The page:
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Bosnia's Serb Republic Challenges OHR

Serbian President Boris Tadic (left) talks with Milorad Dodik, prime minister of the Bosnian entity of Republika Srpska, in Pale last month
Serbian President Boris Tadic (left) talks with Milorad Dodik, prime minister of the Bosnian entity of Republika Srpska, in Pale last month

The parliament of Bosnia's Republika Srpska has approved a plan to end that republic's participation in all state institutions unless the country's EU-backed International Office of the High Representative (OHR) reverses a decision concerning the state electricity company.

The October 1 vote sets the stage for a potentially ugly showdown between the Republika Srpska -- which has long wanted the international community to withdraw its presence in the country -- and the OHR, which is currently held by Austrian diplomat Valentin Inzko.

The OHR was established in 1995 after the war to oversee the peace agreement that ended hostilities. Since the end of the war, Bosnia has been divided into a Serbian region (Republika Srpska) and the Muslim-Croat Federation -- with power apportioned accordingly.

The high representative presides over both entities and has the power to impose and enforce laws and fire officials who obstruct the peace.

The trouble began last year, when Bosnian Serb minority shareholders of the national electricity distributor, Elektroprenos, began obstructing its operations and boycotting board meetings in an attempt to show that a joint Serbian-Muslim-Croatian entity cannot succeed.

Inzko has just taken a series of decisions to keep the Serbs in line and the power grid operational.

The October 1 vote in the Bosnian Serb parliament was a direct repudiation of Inzko's actions.

Threats From Banja Luka

Republika Srpska President Rajko Kuzmanovic has called for Inzko to "withdraw or freeze" his decisions and leave the solution to the electricity grid problems in the hands of locally run entities.

Banja Luka wants the High Representative, Valentin Inzko, out.

Before the vote in parliament, he said Republika Srpska would "not hesitate to withdraw [its] representatives from Bosnia's joint institutions and to call on the Republika Srpska citizens to declare [their views] in a direct and democratic way."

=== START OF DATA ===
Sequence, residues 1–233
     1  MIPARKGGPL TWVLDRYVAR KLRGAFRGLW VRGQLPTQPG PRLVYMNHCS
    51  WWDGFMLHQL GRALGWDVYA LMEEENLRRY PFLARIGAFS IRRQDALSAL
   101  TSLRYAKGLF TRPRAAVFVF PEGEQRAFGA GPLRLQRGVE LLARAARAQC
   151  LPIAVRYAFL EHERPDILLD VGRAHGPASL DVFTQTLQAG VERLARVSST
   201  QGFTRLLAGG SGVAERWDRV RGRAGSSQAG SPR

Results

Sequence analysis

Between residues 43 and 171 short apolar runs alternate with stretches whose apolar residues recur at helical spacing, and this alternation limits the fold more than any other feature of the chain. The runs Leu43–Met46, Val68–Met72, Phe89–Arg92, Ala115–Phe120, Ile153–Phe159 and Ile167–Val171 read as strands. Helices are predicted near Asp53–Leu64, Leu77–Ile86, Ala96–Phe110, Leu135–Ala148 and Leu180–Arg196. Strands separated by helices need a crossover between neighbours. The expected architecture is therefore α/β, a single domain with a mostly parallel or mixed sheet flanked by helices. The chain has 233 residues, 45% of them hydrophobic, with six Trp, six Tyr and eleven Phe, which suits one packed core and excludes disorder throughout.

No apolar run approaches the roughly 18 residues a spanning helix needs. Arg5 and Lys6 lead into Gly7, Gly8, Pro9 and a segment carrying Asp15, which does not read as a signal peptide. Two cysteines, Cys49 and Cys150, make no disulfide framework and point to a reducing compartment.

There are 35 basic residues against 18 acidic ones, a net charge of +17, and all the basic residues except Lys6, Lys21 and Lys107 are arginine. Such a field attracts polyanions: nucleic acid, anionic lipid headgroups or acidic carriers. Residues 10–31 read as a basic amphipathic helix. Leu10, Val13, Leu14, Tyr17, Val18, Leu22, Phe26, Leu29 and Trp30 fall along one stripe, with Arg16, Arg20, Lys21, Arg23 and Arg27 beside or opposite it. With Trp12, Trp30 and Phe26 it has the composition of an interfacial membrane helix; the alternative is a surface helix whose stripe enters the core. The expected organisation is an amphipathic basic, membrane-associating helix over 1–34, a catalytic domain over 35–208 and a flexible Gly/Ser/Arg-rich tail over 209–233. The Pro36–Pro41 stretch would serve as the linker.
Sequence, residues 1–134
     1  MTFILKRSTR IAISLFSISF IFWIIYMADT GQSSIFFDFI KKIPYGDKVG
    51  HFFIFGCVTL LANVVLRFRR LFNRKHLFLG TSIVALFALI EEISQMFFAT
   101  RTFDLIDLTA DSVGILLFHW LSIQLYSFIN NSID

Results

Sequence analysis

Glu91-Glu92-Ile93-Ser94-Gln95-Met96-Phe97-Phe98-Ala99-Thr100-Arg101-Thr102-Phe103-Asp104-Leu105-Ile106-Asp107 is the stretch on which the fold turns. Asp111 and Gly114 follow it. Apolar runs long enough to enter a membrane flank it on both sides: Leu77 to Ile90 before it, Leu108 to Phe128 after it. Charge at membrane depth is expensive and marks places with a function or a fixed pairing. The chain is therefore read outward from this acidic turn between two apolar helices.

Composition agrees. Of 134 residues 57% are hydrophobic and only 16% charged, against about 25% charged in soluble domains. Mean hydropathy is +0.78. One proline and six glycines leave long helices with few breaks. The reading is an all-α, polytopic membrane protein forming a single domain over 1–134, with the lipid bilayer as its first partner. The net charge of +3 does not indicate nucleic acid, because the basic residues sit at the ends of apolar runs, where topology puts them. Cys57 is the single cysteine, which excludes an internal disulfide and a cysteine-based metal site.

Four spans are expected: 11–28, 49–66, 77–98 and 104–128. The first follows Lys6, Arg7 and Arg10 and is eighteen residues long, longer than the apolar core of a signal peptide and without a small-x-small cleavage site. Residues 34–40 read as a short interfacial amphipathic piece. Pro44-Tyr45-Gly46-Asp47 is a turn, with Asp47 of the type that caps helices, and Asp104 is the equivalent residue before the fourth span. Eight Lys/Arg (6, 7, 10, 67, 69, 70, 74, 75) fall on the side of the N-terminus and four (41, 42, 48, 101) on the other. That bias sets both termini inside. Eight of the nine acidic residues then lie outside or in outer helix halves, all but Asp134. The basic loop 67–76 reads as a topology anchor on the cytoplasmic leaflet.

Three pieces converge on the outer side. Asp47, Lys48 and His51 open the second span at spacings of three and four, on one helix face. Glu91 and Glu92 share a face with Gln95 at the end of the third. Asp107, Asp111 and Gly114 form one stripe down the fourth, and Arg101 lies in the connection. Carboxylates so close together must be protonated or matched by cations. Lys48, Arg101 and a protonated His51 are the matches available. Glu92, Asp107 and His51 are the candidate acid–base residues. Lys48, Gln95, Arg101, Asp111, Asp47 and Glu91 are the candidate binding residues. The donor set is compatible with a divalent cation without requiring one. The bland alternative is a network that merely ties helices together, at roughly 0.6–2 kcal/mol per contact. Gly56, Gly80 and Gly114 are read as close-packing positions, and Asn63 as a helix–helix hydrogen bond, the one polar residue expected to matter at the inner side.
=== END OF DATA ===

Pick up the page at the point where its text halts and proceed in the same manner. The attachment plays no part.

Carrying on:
But a much wider call has already gone out.

Prime Minister Milorad Dodik wants to see the 14-year-old, EU-run OHR shut down. He recently told parliament: "The times have changed. It is high time that Bosnia gets out of the OHR protectorate."

Muslims and Croats, meanwhile, aspire to a more centralized state and are generally welcoming of EU-style reforms. In the Elektroprenos dispute, the Muslim-Croat federation, which is a majority share-holder in the grid, supports Inzko.

EU Response

RFE/RL's Balkan Service director, Gordana Knezevic, says the vote suggests that members of the Bosnian Serb parliament share Dodik's contempt for the international community. She doesn't think Dodik will back down now.

"He's kind of challenging the international community," Knezevic says. "He's become used to the idea that, no matter what kind of disrespect he showed for the decisions of the international community, he's never had to withdraw, or apologize, or take a step back, because he's never faced a tough response. And the reason why he didn't face any tough response was the fact that the countries which are supposed to agree upon policy on Bosnia don't have the same opinions."

She adds: "It's the problem of nonexistent European policy toward Bosnia -- there's always someone who disagrees with whatever tough measures should be taken."